changed to "not guilty" plea the prosecutor
accepted. Pickering J. held - on review - that acceptance by the
prosecutor of the plea of "not guilty" and
acquittal stood to be set aside because under section 6 (b) of the
Criminal Procedure Act No. 51 of 1977 the Director
"at any time after the accused has pleaded but before
conviction, stop the prosecution in respect of that charge in which
event the court trying the accused shall acquit the accused in
respect of that charge: Provided that where a prosecution is
by a person other that the attorney general... the
prosecution shall not be stopped unless the attorney general in a
case, has consented thereto. " (my emphasis)
this is provision of a South African Statute and has no application
in our jurisdiction. I ignore it. Our section 5 of the
Procedure and Evidence Act No.9 of 1981 reads:
"5. The Director of Public Prosecution may in any case in which
he considers desirable so to do -
and undertake criminal proceedings against any person before any
court (other than a court -martial) in respect of any
alleged to have been committed by that person;
over and continue any criminal proceedings which have been
instituted or undertaken by any other person or authority including
any proceedings instituted before the commencement of this Act; or
in writing at any stage before judgment is delivered any criminal
proceedings instituted or undertaken by himself
or other person or
6. (1) The powers of the Director of Public Prosecutions under
section 5 may be exercised by him in person or by officers
to him acting in accordance with his general or special
should be read in consonance with section 278 (3) of the Criminal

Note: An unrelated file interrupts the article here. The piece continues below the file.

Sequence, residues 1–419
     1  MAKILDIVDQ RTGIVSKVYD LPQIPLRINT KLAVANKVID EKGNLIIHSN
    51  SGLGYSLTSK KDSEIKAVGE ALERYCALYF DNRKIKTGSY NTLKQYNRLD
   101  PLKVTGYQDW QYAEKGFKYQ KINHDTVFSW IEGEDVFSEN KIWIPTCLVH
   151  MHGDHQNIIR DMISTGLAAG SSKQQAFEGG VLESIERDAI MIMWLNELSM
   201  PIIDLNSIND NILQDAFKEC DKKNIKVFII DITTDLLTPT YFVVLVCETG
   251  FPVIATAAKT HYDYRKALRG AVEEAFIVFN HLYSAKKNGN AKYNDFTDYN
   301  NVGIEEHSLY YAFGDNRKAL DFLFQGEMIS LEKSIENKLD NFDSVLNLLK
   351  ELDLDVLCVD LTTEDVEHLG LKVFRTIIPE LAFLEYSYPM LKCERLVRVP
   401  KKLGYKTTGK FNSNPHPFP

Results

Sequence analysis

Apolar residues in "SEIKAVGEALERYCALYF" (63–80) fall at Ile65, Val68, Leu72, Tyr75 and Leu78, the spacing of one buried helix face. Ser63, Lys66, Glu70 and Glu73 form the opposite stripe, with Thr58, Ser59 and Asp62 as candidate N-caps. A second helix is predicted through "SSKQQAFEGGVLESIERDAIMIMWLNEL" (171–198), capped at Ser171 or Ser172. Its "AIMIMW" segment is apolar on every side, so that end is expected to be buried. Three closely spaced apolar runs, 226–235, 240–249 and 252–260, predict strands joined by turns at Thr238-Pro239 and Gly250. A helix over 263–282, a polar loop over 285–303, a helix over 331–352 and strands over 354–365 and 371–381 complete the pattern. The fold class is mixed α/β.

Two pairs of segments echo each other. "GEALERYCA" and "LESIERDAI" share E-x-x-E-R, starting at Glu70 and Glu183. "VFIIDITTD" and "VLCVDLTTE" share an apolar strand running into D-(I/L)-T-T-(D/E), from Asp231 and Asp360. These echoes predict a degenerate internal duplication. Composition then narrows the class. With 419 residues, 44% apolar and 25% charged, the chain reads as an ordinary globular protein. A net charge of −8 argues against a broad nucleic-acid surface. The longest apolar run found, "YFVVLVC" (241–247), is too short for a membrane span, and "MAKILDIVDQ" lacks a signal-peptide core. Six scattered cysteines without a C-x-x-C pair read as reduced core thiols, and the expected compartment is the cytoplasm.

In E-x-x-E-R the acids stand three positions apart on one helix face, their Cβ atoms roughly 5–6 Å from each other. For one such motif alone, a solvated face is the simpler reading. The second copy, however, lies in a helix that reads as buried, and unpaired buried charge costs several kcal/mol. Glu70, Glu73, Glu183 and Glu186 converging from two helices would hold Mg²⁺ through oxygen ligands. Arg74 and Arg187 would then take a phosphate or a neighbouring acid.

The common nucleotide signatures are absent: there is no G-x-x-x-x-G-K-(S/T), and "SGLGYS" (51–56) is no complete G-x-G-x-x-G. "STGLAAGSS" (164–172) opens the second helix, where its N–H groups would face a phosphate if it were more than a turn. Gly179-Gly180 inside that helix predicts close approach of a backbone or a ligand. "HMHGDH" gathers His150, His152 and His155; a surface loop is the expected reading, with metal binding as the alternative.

Procedure and Evidence which reads:
"278. (3) Nothing in this section shall deprive the Director of
Public Prosecutions or the public prosecutor with his authority
his behalf of the right of withdrawing any charge at any time before
the accused has pleaded, and framing afresh charge for
the same or any other competent court. "
104 of the Lesotho Defence Force Act states that "any matters of
procedure" shall be governed by the law in force
proceedings before civil court in Lesotho. Institution, continuance,
discontinuation of criminal proceedings in my
view are all matters of
prosecutor adduces evidence before the court martial, he does so upon
his own responsibility and in performance of that duty,
he is wholly
independent of the court which should not interfere with the said
conferred upon him by the Statute - Gillingham v Attorney General -
1090 T.S. 572 - R v Komo - 1947 (2) SA 508.
limine, the respondents have submitted that the application is barred
on the ground of unreasonable delay. It is the trite principle
law that although there is generally no prescribed time limit within
which review proceedings must be brought, it is clear
that they must
be brought within a reasonable time.13 What is reasonable, in my
view, will depend upon the particular circumstances
of each case and
the court in exercising its judicial discretion to entertain the
proceedings must first inquire factually into
the lapse of time and
if it is found that the lape was unreasonably long, it has a
discretion whether or not to condone the delay14.
The delay must be
reckoned from the time when the applicant knew of the final decision
which he seeks to have reviewed. In casu,
although the applicant
petitioned the Commander of the Lesotho Defence Force on the 7th May
1998, he did not receive any response
until the publication of Legal
Notice No.100 of 1998 which operated with effect from 10th September
view whilst the delay must be reckoned from the time when the
applicant knew of the final decision which he seeks to have
the reasonableness or otherwise of the lapse of time is a matter of
degree and is relative to the particular circumstance
particular case. In the case of
Herbstein & Van Winsen - Civil Practice of the Supreme Court of
South Africa (4th ed) 1997 .955 Mnisi v Chauke- 1994 (4)
SA. 715 Rev.
Khang v Bishop Mokuku - C of A (civ) No. 19 of 2002.
law comes to the aid of the vigilant and not the slumberous
(vigilantibus et non dormientibus lex succurrit)